I think all of us have immensely benefited from technology.  I grew up when we had not seen the advent of computers.  We did not even have the television in our homes.  So, the journey from living in an era of no mobiles, TV or computers to an age where the world is fully digitised has been an exciting one. I remember the early days in my career when I had to travel more than ten kilometres to make a long distance call after waiting for my turn in a long queue.  It used to take hours of waiting in long queues and we paid through our nose for talking to our parents for just a few minutes using long distance telephone calls.

Today technology touches  us in every aspect of our life.  If we refelect on it, from the time we get up from bed till we sleep, technology supports us in many ways.  We are woken up by the alarm on our mobile phones and do not need the sound of birds or the classic alarm clock with us.  Then, we do not need to read the newspapers to know what has happened around the world.  We are connected to the world through our mobile apps and we get alerted of news events around the world within minutes of its occurrence.

If we extend to the work place, computers have changed the way we work.  The work place is no more sacrosanct.  Work moves along with you wherever you are in the world.  The ubiquitous mobile phone helps you as an office assistant with calendar reminders, emails, clock, fitness tracker and many more useful aids.  We are connected with the world on the internet and decisions are taken on issues by people sitting in different parts of the world seamlessly.  All this has been possible only due to the advent of technology.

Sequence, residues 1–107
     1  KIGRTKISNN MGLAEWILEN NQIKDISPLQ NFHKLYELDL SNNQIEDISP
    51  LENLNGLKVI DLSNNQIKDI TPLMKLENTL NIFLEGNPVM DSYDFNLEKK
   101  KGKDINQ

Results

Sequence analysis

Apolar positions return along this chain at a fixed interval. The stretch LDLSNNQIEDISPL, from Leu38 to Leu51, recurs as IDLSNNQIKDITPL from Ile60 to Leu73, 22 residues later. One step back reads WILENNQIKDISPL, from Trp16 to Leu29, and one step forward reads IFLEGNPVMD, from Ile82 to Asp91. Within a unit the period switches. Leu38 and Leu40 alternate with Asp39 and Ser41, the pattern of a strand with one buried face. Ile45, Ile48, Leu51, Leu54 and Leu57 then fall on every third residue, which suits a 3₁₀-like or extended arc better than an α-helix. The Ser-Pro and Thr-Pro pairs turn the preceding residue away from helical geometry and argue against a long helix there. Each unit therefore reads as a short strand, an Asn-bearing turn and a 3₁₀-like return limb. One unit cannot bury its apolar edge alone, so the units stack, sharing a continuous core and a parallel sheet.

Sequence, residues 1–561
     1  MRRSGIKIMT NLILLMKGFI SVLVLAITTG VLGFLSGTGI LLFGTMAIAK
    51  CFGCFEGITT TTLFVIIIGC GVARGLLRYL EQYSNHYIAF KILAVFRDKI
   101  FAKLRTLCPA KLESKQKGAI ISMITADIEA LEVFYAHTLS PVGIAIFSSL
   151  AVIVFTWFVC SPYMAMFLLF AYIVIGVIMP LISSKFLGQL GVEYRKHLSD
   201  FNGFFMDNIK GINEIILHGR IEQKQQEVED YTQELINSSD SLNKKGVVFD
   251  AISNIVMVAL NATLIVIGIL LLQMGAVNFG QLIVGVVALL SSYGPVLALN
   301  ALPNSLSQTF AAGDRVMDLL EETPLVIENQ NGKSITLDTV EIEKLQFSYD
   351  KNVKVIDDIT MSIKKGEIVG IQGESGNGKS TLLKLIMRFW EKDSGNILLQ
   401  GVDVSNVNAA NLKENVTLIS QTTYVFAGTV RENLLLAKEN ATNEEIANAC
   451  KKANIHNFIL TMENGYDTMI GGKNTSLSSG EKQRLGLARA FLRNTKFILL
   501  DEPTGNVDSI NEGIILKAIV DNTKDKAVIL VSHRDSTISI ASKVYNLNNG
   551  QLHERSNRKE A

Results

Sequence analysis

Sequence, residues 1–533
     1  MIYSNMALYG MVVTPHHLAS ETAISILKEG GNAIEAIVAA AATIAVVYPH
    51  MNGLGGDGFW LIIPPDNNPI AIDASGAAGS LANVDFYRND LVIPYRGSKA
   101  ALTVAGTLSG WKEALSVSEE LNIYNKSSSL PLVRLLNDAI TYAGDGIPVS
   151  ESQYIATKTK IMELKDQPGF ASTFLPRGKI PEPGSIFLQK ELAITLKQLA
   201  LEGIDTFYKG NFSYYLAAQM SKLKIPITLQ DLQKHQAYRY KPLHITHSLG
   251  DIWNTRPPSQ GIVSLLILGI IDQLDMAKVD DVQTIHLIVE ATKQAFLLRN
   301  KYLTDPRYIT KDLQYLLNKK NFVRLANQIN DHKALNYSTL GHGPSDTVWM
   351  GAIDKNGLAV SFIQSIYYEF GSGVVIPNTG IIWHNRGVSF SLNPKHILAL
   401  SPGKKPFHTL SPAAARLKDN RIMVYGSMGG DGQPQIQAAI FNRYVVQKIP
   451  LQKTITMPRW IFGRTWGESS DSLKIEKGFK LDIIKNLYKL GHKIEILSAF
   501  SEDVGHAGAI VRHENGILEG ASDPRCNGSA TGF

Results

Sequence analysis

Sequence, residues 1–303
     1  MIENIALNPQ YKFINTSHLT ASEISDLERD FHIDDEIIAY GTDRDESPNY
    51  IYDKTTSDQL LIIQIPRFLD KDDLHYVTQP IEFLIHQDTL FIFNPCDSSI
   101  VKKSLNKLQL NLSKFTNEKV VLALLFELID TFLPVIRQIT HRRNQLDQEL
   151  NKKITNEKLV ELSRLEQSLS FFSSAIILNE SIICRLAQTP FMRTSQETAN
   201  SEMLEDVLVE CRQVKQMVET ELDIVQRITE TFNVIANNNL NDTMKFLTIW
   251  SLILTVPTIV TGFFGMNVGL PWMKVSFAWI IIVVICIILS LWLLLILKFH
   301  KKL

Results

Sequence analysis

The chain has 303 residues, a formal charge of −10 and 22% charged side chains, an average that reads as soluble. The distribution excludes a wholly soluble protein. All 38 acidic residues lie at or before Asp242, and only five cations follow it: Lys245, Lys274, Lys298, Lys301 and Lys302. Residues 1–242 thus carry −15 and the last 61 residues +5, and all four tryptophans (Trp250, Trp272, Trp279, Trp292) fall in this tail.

Hence, in spite of all these benefits, why do we feel that technology is managing us rather than we managing it.  It may be because of our greedy nature.  It may be because we have become over dependant on technology.  I remember that we used to have  the landline numbers of most of our family and friends in our memory.  Today thanks to the mobile phone we do not even remember the numbers of our close family members.  Some may argue that this is convenience and hence we need not remember any phone numbers any more.  I agree.  But, there seems to be a side effect and we need to worry about that.

The side effect of technology overwhelming us is that we are losing our humanness.  We do not remember the birthdays of our family, friends or colleagues.  We do not have the time to visit a dear one in a hospital.  We have no time to play with our kids in the park.  We have no time to admire and enjoy nature.  We are more content by the number of likes to a post on social media. We get depressed if nobody comments on our post for a few minutes.

Like in the photo above while bluetooth headphones can be a great technology to listen to music, it may sometimes make you inattentive to people around you.

I believe technology is a great enabler for us.  But, may be it is time to touch people and use technology.  We are ending up using people and touching technology.  Technology does not have emotions but people have.  Let us resolve to share our feelings with our near and dear rather than use technology to do so.

Today is the most auspicious day to begin. Lets just do it.

S Ramesh Shankar

Mirror